• Solus Project Gets New Website, Migrates to New Development Tracker and More

    The fast moving Solus Project that is making some waves in the Linux distribution world has some new shiny things going on. Joshua Strobl, Solus Project Communications Manager has announced them in the latest This Week In Solus.

  • PCCW Global Chooses Ubuntu OpenStack and Juju

    PCCW Global, the international operating division of HKT, Hong Kong’s premier telecommunications service provider, is collaborating with Canonical, the company behind Ubuntu and CPLANE NETWORKS, the leader in multi-site OpenStack cloud orchestration, to create new cloud services for its customers.

  • Valve Puts The Steam Controller & Steam Link Back On Sale

    For those that didn't pick up a Steam Controller or Steam Link back during Valve's holiday sales, they are running a Steam Hardware sale the next few days.

  • Mechanical keyboards for programmers and gamers

    Why bother making keyboards open source?

    This is a question we hear often. People all over the world use keyboards every day, for a variety of purposes. At the core of all our keyboards is the ability to easily reconfigure any key to do any action. While normal typists make do with simple macros like Ctrl+C and Ctrl+V, programmers and gamers have much more advanced needs. People that use Adobe Photoshop or Premier often have special key bindings for most of their keyboard.

Leftovers: Devices, KDE, ArchBang, Grml and More

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Misc
  • Raspberry Pi Zero W fixes networking omission

    I don't recommend trying to use the Raspberry Pi Zero W as a GUI desktop alternative. It works, but it is slow. I mean, you can watch YouTube videos on it, but for an extra $25, you could get a Raspberry Pi 3 that has double the RAM and more horsepower to give you a better and more responsive experience than the Raspberry Pi Zero W.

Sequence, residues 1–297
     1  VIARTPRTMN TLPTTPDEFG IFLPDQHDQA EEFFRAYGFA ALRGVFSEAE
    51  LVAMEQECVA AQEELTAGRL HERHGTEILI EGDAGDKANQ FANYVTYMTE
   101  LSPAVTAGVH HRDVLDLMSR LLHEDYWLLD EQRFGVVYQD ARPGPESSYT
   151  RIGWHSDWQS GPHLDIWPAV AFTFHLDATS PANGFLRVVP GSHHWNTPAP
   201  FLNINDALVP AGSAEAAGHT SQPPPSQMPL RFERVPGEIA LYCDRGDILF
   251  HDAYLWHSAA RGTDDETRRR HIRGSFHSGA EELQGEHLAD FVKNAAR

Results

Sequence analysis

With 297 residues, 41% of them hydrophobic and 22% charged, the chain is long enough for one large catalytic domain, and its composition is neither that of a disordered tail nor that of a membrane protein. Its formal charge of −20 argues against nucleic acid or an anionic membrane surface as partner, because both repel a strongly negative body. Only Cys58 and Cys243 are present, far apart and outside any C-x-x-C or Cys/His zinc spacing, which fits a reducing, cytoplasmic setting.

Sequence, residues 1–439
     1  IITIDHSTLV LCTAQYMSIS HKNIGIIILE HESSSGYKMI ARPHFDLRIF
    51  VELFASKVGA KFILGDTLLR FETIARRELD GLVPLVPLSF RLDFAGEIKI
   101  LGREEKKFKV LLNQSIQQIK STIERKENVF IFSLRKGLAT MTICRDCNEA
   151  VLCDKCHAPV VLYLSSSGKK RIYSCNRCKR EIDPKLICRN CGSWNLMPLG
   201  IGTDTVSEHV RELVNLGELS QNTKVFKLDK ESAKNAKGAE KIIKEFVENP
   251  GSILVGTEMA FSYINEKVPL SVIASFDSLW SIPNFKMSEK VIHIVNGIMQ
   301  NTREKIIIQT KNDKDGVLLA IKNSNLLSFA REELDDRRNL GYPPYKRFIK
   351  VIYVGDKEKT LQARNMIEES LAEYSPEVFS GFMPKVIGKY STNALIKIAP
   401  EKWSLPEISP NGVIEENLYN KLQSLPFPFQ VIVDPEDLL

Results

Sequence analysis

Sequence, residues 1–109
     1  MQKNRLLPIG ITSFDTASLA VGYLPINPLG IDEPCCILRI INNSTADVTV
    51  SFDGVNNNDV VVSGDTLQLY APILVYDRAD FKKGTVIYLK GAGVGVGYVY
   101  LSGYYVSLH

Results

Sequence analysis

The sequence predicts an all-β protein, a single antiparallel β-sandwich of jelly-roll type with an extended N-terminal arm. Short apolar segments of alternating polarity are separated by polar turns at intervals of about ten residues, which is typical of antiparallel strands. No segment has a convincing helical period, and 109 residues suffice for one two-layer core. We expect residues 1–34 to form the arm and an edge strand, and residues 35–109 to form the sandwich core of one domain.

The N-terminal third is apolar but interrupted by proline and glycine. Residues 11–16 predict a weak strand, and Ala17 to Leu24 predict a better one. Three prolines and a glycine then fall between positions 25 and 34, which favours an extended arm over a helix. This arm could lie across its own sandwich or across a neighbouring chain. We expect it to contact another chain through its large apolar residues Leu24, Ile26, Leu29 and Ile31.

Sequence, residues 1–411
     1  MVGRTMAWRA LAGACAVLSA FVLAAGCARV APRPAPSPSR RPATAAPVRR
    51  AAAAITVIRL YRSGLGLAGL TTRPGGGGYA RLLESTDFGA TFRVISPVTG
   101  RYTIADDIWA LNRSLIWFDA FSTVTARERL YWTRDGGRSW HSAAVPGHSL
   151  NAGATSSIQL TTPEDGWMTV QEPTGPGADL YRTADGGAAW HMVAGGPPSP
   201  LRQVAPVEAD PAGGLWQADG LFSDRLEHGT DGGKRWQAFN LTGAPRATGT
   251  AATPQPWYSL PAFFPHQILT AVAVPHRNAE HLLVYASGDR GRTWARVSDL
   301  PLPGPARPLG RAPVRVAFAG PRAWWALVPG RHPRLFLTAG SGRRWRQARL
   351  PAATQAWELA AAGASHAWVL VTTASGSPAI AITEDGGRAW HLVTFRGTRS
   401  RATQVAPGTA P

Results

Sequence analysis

• Take a sneak peek at Google's Android replacement, Fuchsia

    An enthusiast has compiled Google's infant Fuchsia OS and put the toddler through its paces.

    The open-source OS is an open secret – anyone can download the platform from Github, and one enthusiast at Hotfix, a repair shop in Texas, has done just that.

  • KDE Plasma 5.9.5, Krita 3.1.3 and digiKam 5.5 Coming Soon to Kubuntu 17.04 Users

    KDE's José Manuel Santamaría Lema is informing the Kubuntu Linux community today about the upcoming availability of a multitude of updates for various KDE technologies in the Kubuntu Backports PPA.

    It's a known fact that Kubuntu developers are always working hard to bring you all the latest goodies as soon as they are released upstream, and it looks like Kubuntu 17.04 (Zesty Zapus) users will be treated with the KDE Plasma 5.9.5 desktop environment, which is the last in the series as KDE Plasma 5.10 is coming at the end of May.

  • ArchBang OpenRC Rc iso
  • Grml 2017.05 "Freedatensuppe" Distro Enters Development Based on Debian Stretch

    The Debian-based Grml GNU/Linux distribution designed for system administrators is once again in development after taking a long break of approximately two and a half years.

    Dubbed "Freedatensuppe," the next major release of the operating system is versioned Grml 2017.05, and a first Release Candidate (RC) build is now available for public testing. Development of Grml 2017.05 is currently based on the Debian Testing branch, which will soon become Debian GNU/Linux 9 "Stretch."

  • Much ado about communication

    One of the first challenges an open source project faces is how to communicate among contributors. There are a plethora of options: forums, chat channels, issues, mailing lists, pull requests, and more. How do we choose which is the right medium to use and how do we do it right?

    Sadly and all too often, projects shy away from making a disciplined decision and instead opt for "all of the above." This results in a fragmented community: Some people sit in Slack/Mattermost/IRC, some use the forum, some use mailing lists, some live in issues, and few read all of them.

  • What Internet-Connected War Might Look Like

    A technician hurriedly slings his backpack over his shoulders, straps on his M9 pistol, and bolts out of the transport with his squad of commandos in a hail of gunfire. As soon as his team reaches the compound, he whips out a laptop and starts deploying a rootkit to the target server, bullets whizzing overhead all the while.